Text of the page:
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Cardiac myxomas, although uncommon are one of the commonest primary cardiac tumors and account for ~50% primary benign cardiac tumors.
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Cardiac myxomas are the most common primary cardiac tumor in adults (~50%) but are relatively infrequent in childhood, where cardiac rhabdomyomas are more frequent 8,11. The incidence of cardiac myxomas is approximately 0.5 per million population per year 12. There is a broad range in the age of presentation (11-82 years), with most patients presenting in adulthood (mean ~50 years of age) 7,13. There is a recognized female predilection 7,13.
An uncommon but well-described association with multiple endocrine neoplasia syndromes has been described, and is known as Carney complex 7,8.
Approximately 20% of patients are asymptomatic, with myxomas being found incidentally on imaging of the heart 7. Presumably, as the amount of imaging increases, so will this figure.
Clinical features are variable and depend on the location and other associated pathology, e.g. valve destruction. However, a triad of symptoms is recognized 7,8:
left sided: dyspnea, orthopnea, pulmonary edema
right sided: symptoms of right heart failure
distribution will depend on the location of the tumor
most are left sided, and, therefore, most are systemic (brain or extremities)
weight loss, fatigue, weakness
may resemble infective endocarditis (fever, arthralgia, lethargy)
In ~20% of patients, arrhythmias may be identified 7.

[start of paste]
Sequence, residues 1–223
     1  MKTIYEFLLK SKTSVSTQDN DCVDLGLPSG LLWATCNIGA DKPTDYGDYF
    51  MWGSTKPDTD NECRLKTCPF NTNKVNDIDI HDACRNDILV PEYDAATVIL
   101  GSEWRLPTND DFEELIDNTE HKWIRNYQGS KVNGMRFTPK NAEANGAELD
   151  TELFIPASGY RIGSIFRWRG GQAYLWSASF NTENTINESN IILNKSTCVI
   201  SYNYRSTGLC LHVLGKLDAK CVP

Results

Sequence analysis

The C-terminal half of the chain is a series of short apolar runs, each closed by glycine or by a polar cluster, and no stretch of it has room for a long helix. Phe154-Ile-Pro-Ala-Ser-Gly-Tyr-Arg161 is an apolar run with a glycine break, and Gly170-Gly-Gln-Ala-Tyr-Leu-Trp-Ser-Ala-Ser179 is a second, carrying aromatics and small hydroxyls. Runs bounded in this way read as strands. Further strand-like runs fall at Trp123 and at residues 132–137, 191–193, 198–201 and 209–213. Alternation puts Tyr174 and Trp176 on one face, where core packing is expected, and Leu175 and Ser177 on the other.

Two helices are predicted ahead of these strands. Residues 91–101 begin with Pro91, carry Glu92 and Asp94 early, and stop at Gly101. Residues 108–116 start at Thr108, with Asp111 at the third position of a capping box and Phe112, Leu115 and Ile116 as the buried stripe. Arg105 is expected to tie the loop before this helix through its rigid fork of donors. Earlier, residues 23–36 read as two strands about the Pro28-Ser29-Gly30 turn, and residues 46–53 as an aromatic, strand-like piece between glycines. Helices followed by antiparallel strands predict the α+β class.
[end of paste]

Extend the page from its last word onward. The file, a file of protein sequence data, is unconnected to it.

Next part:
On auscultation, a cardiac murmur is usually present. A characteristic finding in patients with pedunculated and prolapsing myxoma is the so-called "tumor plop" 7.
Controversy exists in regards to the exact nature of these masses, but in general, they are considered benign neoplasms. Some authors believe that they represent organized thrombus.
Morphologically they are often hemorrhagic and are of variable firmness. They can be sessile or pedunculated (more common) and of variable size (1-10 cm). They most frequently arise in the left atrium, attached to the interatrial septum in the region of the fossa ovale.
Patients with atrial myxomas can be divided into two groups: typical (vast majority) and atypical 7,9:
typical: solitary with ~75% located in the left atrium
atypical: earlier presentation; multiple tumors are common and are more frequently located in the right heart or left ventricle
Overall distribution 8,9:
Chest radiographs can be normal 2. Abnormalities, if present, are non-specific and include:
intracardiac tumoral calcification
evidence of mitral valve obstruction
evidence of elevated left atrial pressure, e.g. pulmonary edema
Echocardiography is usually the initial modality used for identification and evaluation of cardiac myxomas. They appear as hyperechogenic lesions with a well-defined stalk. Moreover, echocardiography can be useful to assess the mobility of the tumor, as it often protrudes through valve flaps.